I was trying not to go too much into the analysis for the sake of keeping things simple for the OP. But John Lawler has in his answer and he starts to explain the reason why at least the last example is different. In this case, the infinitive phrase isn't really standing as a relative clause, but rather it is a complement of the noun 'wish'. Superficially they look similar, but they have different properties which come to light when e.g. you're trying to predict when the infinitive phrase can be used. –  Neil Coffey Aug 4 '13 at 8:19
    
@NeilCoffey you're saying I can't say the packages or packages ? This sentence needs the? –  Dunno Aug 21 '13 at 10:51

There are several different kinds of structure in your sentences, and some of them don't work the way you have them. So you're getting some hang of it.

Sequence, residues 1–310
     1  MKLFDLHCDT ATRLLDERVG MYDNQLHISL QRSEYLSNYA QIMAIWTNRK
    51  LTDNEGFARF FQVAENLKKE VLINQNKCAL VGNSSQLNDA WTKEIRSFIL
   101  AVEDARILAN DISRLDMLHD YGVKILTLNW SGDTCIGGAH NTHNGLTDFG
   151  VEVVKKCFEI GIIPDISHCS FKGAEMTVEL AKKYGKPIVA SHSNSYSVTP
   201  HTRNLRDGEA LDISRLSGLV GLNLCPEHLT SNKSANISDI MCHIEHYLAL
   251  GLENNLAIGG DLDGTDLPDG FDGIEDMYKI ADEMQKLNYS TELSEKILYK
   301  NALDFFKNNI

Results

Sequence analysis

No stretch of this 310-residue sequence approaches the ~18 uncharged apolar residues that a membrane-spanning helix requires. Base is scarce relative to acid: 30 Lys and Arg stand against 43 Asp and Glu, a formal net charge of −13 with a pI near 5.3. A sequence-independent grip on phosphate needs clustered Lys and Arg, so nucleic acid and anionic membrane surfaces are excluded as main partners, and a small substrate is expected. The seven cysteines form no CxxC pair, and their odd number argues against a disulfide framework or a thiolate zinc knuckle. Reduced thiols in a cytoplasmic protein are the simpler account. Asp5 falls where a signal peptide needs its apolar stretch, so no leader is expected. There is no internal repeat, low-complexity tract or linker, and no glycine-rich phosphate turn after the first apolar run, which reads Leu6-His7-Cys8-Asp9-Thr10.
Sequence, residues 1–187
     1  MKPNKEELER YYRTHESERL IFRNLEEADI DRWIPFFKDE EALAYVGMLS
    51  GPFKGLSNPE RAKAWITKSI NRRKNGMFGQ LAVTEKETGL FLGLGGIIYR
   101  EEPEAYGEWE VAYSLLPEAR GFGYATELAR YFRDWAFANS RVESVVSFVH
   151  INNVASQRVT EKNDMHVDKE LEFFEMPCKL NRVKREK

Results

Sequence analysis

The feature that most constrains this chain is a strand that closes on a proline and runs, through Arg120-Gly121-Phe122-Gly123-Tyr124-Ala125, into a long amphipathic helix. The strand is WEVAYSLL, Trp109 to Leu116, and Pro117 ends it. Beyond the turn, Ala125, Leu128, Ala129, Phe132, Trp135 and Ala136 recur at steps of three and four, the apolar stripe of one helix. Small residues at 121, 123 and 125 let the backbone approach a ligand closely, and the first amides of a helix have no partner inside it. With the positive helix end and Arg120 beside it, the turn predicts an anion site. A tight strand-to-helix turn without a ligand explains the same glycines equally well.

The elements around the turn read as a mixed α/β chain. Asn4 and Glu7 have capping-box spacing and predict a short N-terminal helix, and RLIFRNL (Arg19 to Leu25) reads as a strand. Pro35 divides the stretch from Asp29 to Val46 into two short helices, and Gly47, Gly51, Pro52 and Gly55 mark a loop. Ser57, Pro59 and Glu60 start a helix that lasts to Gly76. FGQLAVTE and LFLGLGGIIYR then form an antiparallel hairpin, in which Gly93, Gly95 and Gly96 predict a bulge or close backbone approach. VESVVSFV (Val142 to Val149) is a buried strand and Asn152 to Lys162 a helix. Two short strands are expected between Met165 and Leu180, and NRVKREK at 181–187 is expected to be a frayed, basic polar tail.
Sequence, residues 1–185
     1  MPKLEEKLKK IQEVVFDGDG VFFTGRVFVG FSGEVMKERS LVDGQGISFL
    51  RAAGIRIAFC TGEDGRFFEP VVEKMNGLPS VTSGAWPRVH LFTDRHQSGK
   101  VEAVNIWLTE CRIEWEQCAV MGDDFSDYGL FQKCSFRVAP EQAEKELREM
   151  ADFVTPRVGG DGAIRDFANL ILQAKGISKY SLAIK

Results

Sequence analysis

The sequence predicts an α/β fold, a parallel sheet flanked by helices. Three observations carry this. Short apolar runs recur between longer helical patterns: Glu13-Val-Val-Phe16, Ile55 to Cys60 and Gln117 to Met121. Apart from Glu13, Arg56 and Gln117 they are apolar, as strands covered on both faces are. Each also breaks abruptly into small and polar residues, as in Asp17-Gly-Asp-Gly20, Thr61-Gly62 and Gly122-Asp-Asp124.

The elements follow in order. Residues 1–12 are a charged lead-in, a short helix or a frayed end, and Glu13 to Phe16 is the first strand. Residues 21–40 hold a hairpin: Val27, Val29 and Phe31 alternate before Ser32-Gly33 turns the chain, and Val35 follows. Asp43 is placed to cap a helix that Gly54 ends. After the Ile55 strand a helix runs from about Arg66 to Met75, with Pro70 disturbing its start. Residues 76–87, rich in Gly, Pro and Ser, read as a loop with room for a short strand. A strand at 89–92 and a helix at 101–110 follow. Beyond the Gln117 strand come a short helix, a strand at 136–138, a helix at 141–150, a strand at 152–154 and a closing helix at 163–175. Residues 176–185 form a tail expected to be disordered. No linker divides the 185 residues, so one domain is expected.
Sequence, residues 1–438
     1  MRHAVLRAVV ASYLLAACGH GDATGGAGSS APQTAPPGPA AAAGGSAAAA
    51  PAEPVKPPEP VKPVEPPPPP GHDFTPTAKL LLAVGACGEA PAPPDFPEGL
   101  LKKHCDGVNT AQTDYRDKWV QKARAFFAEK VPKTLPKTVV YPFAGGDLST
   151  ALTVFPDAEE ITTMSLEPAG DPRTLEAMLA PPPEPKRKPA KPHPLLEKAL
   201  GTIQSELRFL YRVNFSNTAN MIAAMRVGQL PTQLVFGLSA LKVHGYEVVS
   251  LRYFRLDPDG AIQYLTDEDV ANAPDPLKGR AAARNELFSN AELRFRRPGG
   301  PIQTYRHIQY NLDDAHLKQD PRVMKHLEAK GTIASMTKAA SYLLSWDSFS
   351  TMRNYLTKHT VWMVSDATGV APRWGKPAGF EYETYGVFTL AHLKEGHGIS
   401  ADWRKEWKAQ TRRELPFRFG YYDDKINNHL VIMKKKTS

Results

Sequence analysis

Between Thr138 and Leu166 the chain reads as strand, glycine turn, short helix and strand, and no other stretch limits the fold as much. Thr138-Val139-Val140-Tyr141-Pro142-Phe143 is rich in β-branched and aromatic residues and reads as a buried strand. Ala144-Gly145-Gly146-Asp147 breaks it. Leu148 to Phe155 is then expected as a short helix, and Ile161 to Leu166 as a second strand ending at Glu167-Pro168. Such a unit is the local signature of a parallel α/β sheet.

The most common type of NP + infinitive structure is the Relative Infinitive. This is basically an untensed relative clause, with no relative pronouns except after pied-piped constituents.

Relative infinitives have the syntactic, pragmatic and functional characteristics of restrictive relative clauses. I.e, they contain a Zero referent of the NP they modify, the information they contain is presupposed to be true -- as Neil put it, they don't introduce 'new' information, and they're intended to identify the particular NP they follow and modify by providing this information.

In addition to these shared properties, however, relative infinitives almost always are interpreted as if they contained a modal of some sort, like should or can. This usually comes out in paraphrases using tensed relative clauses:

  • the man to talk to = the man that one should talk to [NB: man is Object of talk to]
  • the man to do the job = the man that can do the job [NB: man is Subject of do the job]